TCM has boomed in Western research centers and has brought relief in many cases, but the power of the pharmaceutical industry and its lobbyists has prevailed so that it has not been able to spread widely.

It is to be considered that in TCM no secondary harms derived from its practice by professionals, or iatrogenic harms, are noted, and as these harms have increased their incidence in modern Western medicine, the appreciation of TCM has broadened.

For its part, the World Health Organization (WHO) and the National Institute of Health (NIH) recognize TCM as a proven evidence-based medical science.

Likewise, the ancient medical practices inherited from Shen Nong have expanded and their applications are still current. In this regard the book Essentials of Chinese Materia Medica and Medical Formulas, published in 2017, condenses in 800 legal-sized pages a part of this wisdom, compiled by researchers Shengyan Xi and Yuewen Gong.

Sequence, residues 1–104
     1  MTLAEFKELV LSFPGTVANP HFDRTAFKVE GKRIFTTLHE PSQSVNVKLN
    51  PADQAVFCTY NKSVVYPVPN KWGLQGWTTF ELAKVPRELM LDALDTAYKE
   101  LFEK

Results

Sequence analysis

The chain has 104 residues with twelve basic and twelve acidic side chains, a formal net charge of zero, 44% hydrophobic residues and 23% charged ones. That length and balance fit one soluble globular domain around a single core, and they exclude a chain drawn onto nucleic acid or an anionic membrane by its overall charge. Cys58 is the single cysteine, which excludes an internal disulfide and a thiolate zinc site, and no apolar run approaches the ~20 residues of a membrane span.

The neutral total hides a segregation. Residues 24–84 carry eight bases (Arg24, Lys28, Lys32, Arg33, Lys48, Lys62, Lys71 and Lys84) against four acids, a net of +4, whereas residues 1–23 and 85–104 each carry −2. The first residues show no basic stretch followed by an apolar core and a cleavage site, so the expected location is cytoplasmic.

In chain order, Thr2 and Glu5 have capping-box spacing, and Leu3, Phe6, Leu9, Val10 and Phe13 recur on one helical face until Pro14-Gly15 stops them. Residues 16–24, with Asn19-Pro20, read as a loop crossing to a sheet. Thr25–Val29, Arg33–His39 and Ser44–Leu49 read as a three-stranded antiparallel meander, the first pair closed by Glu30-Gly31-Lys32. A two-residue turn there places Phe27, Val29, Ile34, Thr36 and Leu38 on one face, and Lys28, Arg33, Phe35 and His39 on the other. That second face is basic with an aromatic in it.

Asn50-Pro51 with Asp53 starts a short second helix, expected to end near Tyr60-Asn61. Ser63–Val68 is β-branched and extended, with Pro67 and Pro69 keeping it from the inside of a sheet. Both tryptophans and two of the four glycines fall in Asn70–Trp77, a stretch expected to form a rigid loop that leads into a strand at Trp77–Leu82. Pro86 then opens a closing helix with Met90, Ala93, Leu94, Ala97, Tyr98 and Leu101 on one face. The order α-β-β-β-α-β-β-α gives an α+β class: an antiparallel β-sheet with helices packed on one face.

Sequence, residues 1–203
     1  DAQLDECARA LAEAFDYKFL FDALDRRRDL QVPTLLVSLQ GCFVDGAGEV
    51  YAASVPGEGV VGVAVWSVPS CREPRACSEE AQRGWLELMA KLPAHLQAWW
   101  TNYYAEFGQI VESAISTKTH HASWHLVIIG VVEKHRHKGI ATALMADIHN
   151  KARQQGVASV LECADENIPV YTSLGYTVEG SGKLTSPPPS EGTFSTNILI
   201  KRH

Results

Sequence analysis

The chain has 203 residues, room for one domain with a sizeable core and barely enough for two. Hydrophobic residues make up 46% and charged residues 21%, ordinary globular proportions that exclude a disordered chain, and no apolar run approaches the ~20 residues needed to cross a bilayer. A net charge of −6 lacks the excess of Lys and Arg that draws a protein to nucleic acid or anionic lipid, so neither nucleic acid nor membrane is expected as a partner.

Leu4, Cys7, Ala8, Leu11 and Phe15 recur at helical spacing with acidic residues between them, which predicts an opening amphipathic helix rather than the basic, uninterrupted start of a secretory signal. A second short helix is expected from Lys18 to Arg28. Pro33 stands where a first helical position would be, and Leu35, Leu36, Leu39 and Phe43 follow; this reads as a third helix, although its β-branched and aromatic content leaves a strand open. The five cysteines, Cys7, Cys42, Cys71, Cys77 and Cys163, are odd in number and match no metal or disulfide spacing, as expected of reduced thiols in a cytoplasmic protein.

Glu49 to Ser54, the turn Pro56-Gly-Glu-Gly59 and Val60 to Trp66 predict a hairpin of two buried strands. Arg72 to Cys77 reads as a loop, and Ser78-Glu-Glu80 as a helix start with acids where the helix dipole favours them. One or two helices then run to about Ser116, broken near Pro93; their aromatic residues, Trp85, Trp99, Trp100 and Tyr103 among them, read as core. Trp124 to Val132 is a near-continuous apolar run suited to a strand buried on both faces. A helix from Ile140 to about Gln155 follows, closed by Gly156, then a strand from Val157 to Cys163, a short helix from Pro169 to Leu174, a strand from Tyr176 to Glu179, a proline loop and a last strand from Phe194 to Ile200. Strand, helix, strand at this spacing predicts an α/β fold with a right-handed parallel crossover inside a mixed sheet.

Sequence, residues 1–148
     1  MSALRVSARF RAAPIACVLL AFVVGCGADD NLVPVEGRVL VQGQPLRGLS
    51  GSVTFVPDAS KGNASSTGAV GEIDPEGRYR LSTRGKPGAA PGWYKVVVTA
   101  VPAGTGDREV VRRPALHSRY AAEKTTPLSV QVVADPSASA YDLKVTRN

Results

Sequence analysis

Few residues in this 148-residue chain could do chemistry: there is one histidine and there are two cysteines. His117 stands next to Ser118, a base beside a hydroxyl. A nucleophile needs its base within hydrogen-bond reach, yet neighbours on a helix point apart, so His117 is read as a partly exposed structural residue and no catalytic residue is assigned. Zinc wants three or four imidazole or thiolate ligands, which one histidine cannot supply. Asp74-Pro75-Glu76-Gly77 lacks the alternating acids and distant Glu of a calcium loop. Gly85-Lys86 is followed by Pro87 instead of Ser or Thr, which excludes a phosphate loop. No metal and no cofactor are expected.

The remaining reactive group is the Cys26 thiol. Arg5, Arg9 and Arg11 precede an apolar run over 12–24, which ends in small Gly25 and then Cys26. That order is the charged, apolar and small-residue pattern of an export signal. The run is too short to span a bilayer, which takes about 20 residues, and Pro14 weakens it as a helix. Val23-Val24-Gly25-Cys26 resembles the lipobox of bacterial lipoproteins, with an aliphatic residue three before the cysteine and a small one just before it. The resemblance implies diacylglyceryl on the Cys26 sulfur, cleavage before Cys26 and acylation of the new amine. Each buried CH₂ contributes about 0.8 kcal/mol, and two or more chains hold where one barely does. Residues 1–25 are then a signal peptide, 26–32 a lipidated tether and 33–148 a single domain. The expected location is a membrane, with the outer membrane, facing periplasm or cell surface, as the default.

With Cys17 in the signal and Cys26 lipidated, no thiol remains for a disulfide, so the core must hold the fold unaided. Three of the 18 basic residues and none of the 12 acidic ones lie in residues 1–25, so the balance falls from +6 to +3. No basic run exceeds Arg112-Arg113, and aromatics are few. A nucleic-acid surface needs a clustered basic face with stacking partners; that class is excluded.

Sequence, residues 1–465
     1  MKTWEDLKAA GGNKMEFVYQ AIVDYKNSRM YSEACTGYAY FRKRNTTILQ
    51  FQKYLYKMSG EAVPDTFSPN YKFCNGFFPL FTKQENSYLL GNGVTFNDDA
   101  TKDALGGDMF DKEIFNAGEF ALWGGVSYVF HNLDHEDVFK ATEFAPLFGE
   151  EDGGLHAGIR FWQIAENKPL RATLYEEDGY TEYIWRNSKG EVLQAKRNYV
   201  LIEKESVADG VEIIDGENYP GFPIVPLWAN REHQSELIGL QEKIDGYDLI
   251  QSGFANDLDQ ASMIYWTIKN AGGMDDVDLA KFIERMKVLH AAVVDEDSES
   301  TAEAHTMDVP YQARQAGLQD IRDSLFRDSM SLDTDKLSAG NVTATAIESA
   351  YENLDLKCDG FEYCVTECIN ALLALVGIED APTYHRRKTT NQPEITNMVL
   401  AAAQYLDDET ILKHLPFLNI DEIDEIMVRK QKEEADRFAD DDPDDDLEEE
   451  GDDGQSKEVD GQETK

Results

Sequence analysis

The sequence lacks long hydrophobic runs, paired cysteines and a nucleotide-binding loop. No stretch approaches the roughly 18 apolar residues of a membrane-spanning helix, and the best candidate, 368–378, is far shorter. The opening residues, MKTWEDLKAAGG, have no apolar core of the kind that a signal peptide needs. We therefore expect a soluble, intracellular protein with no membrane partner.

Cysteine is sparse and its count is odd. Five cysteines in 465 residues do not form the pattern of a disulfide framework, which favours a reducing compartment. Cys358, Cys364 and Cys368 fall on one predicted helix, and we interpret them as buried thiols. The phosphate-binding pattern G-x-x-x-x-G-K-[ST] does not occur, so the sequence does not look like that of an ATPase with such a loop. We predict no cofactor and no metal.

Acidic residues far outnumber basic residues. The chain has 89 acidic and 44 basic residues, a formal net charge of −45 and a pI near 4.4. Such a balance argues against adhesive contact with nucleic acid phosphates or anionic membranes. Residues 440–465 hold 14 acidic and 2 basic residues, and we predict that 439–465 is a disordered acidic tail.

Unlike Western books on medicine, this one retains common names for ailments that often affect health, rather than complex names derived from Greek language roots or names of exotic little-known chemical compounds, most of which are rightly derived from plants and other resources available in nature.  

With chapters dedicated to herbs that: “promote digestion, expel parasites, stop bleeding, invigorate the blood, dissolve phlegm, relieve coughs, calm the wheezing and soothe the liver”, it quickly orients with usual terms the people who might be interested in its contents, either because they are health professionals or because they already have experience in the use of the recommended plants.